|Item type||Current location||Call number||Status||Date due||Barcode|
|Book||Nehru Memorial Museum Library||305.80094950902 Q9 (Browse shelf)||Available||188371|
Includes bibliographical references (pages 281-361) and index.
Part I. Romans: A history of denial -- Roman ethnicity -- Romanland -- Part II. Others: Ethnic assimilation -- The Armenian fallacy -- Was Byzantium an empire in the tenth century? -- The apogee of empire in the eleventh century.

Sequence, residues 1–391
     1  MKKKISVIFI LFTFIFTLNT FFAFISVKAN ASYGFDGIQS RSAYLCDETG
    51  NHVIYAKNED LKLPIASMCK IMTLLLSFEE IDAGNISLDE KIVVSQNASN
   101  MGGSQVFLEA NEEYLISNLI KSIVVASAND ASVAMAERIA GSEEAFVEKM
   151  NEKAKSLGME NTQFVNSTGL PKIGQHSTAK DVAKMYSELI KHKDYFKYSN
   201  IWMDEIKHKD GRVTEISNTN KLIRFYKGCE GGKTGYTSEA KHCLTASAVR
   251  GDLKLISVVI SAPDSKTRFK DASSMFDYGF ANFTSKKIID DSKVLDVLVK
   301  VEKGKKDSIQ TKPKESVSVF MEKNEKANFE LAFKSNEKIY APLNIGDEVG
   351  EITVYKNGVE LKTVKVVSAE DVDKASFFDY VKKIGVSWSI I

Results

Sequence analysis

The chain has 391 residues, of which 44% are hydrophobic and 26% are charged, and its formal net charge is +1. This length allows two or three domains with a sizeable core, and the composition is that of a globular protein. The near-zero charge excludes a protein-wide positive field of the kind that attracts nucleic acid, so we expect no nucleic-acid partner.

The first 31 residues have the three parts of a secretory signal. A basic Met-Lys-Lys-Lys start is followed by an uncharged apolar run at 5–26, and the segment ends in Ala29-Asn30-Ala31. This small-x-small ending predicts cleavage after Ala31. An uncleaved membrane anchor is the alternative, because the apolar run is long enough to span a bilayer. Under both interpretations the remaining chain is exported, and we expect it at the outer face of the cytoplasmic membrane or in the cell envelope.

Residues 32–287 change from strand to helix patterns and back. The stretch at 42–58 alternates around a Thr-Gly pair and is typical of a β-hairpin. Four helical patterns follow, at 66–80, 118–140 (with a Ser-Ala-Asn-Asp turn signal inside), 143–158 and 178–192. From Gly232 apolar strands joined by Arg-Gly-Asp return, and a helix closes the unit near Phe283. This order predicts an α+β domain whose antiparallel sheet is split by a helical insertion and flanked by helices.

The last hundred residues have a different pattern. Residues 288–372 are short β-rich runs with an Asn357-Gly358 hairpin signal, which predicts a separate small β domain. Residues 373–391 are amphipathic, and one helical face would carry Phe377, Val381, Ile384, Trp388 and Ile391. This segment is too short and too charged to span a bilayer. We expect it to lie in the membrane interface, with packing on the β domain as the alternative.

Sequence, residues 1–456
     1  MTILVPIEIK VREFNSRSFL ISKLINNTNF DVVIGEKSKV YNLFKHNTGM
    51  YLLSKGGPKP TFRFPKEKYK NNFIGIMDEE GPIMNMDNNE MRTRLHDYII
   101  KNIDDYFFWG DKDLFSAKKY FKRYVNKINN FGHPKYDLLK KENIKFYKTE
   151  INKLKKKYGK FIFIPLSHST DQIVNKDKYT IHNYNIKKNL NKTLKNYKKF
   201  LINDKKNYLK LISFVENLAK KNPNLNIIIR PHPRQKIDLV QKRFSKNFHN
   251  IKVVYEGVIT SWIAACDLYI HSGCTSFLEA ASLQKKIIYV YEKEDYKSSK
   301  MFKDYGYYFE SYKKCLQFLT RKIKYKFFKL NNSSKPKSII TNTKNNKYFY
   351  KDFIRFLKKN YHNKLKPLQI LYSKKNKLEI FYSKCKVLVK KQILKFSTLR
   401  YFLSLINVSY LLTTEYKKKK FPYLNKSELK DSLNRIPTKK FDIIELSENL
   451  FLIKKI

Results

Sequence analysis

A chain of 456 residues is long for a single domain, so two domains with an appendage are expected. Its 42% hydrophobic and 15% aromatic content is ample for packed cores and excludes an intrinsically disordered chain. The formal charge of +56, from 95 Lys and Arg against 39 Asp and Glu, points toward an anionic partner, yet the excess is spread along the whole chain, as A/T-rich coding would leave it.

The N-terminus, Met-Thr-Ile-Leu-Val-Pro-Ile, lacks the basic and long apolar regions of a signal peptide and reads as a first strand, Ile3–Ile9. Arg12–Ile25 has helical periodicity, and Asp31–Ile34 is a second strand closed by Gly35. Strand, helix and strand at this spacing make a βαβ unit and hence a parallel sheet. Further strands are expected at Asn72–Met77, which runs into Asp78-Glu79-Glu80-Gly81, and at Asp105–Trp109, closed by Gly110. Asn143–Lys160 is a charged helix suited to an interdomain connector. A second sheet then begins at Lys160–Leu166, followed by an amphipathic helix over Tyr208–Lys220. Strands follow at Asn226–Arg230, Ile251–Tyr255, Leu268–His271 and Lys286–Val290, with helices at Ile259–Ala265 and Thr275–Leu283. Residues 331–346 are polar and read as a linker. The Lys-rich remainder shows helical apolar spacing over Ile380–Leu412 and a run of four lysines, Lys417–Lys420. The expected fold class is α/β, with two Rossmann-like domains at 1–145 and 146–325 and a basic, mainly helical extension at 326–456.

Was there ever such a thing as the Byzantine Empire and who were those self-professed Romans we choose to call "Byzantine" today? At the heart of these two interlinked questions is Anthony Kaldellis's assertion that empires are, by definition, multiethnic. If there was indeed such a thing as the Byzantine Empire, which rules bounded majority and minority ethnic groups? The labels for the minority groups in Byzantium are clear - Slavs, Bulgarians, Armenians, Jews, Muslims. What was the ethnicity of the majority group? Historical evidence tells us unequivocally that no card-carrying Byzantine ever called himself "Byzantine." He would identify as Roman. This line of identification was so strong in the eastern empire that even the conquering Ottomans saw themselves as inheritors of the Roman Empire. In Western scholarship, however, there has been a long tradition of denying Romanness to Byzantium. In the Middle Ages, people of the eastern empire were made "Greeks," and by the nineteenth century they were shorn of their distorted Greekness and turned "Byzantine." In Romanland, Kaldellis argues that it is time for historians to take the Romanness of Byzantines seriously so that we can better understand the relations between Romans and non-Romans, as well as the processes of assimilation that led to the absorption of foreign groups into the Roman genos.--